In the garden, keep the area around the plants free from weeds and mulch to aid in water retention. Snailslove watercress and should be removed by hand or trapped. Whiteflies also like the plant and can be controlled with soapy water or insecticidal soap. Spider mites cause leaf discoloration and general deterioration of the plant. Natural predators such as lady beetles, predatory mites or thrips can eradicate these pests.
Watercress Harvestin
The flavor of watercress is best during the cool months of the year. Once the plant blossoms, the flavor is compromised. Watercress harvesting can commence about 3 weeks after emergence. Cutting or pruning the plants will encourage them to be thicker and lush. Cut the plants to a height of about 4 inches. Wash the cuttings thoroughly and store in a plastic bag in the refrigerator for as long as week.
Harvesting can continue year round, adding a boost of vitamins A and C, along with niacin, ascorbic acid, thiamine, riboflavin and iron to your ho-hum salad or an added zing to compound butters or sauces.

Onion Bulb Formation: Why Onions Do Not Form Bulbs

Many onion varieties are available to the home gardener and most are relatively easy to grow. That said, onions do have their fare share of issues with onion bulb formation; either the onions do not form bulbs, or they may be small and/or misshapen.
Reasons for No Onion Bulbs
One possible reason for a lack of onion bulb formation is the selection of the wrong type of onion for your area. In their natural environment, onions are biennials that have a two year life cycle. The first year, the plant bulbs and the second year it flowers. Cultivators of onions grow them as an annual and harvest at the end of the first growing season.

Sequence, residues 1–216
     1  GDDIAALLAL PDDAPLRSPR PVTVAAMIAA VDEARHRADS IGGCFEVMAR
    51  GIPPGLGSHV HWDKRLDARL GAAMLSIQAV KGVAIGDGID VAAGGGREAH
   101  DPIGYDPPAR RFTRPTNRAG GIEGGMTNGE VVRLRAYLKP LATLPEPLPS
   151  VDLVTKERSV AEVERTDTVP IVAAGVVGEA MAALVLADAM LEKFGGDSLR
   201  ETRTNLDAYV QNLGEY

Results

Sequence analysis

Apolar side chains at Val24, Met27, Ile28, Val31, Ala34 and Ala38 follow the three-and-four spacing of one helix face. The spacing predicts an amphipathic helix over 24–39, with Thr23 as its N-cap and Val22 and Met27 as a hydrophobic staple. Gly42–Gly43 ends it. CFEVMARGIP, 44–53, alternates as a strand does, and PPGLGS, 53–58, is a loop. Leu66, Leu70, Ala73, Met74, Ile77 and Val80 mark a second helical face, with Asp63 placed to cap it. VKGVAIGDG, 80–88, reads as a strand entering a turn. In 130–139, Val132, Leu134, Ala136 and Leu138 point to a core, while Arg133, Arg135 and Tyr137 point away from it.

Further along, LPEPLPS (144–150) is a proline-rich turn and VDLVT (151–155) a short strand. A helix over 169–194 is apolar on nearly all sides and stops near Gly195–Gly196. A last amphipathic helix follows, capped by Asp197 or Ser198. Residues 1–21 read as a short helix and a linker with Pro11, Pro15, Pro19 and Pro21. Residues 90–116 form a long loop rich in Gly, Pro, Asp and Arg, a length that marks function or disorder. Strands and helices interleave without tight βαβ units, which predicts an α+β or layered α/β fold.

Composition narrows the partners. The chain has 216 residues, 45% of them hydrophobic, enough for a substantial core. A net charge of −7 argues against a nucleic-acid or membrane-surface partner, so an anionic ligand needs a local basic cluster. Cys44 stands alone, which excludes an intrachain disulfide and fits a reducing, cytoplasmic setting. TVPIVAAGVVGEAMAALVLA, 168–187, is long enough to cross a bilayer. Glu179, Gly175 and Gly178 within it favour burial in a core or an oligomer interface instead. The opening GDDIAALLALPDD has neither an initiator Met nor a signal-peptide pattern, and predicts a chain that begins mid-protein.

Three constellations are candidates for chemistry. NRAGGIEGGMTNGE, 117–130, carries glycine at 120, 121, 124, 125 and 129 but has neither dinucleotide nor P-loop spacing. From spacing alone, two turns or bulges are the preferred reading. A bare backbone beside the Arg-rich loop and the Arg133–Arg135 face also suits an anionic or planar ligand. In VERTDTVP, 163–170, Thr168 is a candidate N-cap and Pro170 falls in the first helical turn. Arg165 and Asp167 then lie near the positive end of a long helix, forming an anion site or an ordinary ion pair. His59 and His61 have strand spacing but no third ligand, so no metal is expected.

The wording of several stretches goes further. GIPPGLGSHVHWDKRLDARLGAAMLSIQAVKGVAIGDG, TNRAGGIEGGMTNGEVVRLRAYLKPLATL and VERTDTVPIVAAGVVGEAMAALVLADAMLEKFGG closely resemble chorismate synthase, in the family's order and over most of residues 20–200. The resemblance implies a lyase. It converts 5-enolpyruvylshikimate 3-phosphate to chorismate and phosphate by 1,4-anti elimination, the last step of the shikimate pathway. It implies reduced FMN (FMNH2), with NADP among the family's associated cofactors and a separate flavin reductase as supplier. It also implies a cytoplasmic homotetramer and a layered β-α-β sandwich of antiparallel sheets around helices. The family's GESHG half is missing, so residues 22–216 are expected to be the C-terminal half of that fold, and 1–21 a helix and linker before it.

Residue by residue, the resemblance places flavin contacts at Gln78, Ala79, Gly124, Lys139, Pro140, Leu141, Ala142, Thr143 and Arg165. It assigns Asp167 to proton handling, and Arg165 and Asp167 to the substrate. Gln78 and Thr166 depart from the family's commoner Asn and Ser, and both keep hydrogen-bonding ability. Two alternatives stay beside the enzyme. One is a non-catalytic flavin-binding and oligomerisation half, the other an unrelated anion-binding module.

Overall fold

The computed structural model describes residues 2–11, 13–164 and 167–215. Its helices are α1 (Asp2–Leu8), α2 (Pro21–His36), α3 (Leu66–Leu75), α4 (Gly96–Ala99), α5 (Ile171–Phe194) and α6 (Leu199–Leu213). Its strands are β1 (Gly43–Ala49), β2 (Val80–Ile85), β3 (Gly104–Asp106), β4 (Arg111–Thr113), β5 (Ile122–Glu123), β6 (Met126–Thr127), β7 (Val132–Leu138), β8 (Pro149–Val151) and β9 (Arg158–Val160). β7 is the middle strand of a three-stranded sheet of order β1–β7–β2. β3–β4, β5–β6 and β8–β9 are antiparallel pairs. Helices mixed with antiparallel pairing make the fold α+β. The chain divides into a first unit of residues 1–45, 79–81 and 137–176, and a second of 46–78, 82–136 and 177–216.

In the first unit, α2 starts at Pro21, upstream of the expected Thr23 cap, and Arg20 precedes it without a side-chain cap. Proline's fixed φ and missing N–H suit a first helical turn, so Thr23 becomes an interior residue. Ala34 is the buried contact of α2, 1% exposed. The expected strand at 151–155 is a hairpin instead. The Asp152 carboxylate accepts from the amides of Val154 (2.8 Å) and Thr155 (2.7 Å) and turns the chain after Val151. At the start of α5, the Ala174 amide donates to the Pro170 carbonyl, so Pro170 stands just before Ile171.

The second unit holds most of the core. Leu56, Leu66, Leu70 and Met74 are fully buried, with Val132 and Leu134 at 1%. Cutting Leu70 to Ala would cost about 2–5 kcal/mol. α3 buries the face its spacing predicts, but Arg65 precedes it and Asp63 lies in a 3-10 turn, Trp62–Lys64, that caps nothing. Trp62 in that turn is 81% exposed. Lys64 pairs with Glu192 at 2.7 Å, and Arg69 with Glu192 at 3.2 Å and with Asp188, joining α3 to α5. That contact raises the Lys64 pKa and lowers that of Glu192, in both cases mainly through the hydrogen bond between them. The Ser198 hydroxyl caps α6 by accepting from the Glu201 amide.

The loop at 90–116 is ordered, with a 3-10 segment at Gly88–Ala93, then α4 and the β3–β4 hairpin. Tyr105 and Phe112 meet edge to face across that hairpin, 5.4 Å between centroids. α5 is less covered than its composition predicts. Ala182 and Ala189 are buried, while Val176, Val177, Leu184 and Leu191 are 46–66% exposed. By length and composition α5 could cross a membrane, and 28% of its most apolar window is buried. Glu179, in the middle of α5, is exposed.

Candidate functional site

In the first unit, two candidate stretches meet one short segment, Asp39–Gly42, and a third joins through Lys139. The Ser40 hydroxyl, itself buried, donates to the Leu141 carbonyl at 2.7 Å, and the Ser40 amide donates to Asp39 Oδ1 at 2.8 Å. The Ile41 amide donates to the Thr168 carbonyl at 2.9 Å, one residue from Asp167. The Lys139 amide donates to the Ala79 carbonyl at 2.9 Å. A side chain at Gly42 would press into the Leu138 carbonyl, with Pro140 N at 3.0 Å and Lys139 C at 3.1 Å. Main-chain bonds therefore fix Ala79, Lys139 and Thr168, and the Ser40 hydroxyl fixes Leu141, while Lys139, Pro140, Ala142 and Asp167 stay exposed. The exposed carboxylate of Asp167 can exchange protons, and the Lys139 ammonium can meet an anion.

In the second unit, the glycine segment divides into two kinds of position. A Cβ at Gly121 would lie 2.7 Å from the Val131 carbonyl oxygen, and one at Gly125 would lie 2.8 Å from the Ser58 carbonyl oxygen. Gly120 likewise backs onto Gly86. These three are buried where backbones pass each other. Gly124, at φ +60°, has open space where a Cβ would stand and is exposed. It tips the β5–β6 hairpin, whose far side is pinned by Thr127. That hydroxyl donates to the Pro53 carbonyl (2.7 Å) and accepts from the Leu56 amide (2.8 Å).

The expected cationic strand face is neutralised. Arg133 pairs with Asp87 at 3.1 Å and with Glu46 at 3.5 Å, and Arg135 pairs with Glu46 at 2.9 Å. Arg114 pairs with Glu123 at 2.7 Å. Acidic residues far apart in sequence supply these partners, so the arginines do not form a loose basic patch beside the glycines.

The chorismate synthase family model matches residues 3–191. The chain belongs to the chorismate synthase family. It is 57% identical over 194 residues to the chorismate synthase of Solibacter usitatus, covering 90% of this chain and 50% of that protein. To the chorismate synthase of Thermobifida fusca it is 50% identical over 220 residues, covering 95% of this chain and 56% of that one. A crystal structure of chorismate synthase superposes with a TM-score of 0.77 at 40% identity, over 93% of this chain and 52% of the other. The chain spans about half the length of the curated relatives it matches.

Onions are categorized as “long day” or “short day” varieties, with some intermediate varieties available as well. The terms are in reference to the length of daylight during the growing season in a particular area.
  • A “long day” onion variety quits forming leaves and begins to bulb when the length of daylight is 14-16 hours.
  • “Short day” cultivars make bulbs much earlier in the season when daylight is only 10-12 hours long.
“Long day” onions should be planted north of the 40th parallel (San Francisco on the west coast and Washington D.C. on the east) while “short day” onions do best south of the 28th parallel (New Orleans, Miami).
The newest kids on the block are the day neutral varieties of onion which can be planted without regard to latitude. A big boon to gardeners between the 28th and 40th parallel.
Bulb size is in direct correlation to the number and size of leaves (tops) of the onion at the time of bulb maturity. Each leaf corresponds to a ring of the onion and the larger the leaf, the larger the ring.
How to Get Onions to Form a Bulb
Choosing an appropriate onion variety for your region and following the correct planting time is an important factor in getting healthy onion bulbs to form. “Long day” varieties are planted in the early spring. Either start seeds indoors and transplant or plant onion sets directly outdoors. “Short day” cultivars should be planted mid fall either directly sown or with onion sets.
Grow onions in raised beds about 4 inches high and 20 inches across. Dig a four inch trench in the bed and distribute a phosphorus rich fertilizer (10-20-10) 2 or 3 inches below the transplants, cover with a couple of inches of soil and plant the onion sets.
Maintain some space between the plants, one inch deep and four inches apart. For direct sown onion, thinning is the key to bulb size. Obviously, if there is not room for it to grow, you will get onions that do not form adequate bulbs.
Lastly, while this may not be directly related to a lack of bulbing, temperature will most certainly affect the size and quality of the onion. Cooler temps below 70 degrees F. (21 C.) may retard bulbing in some varieties. In late spring, fluctuation between warm days alternating with cool days may cause the plant to bolt, or flower.Flowering in onions results in a lighter weight bulb with an increased risk of decay and a lower storage life.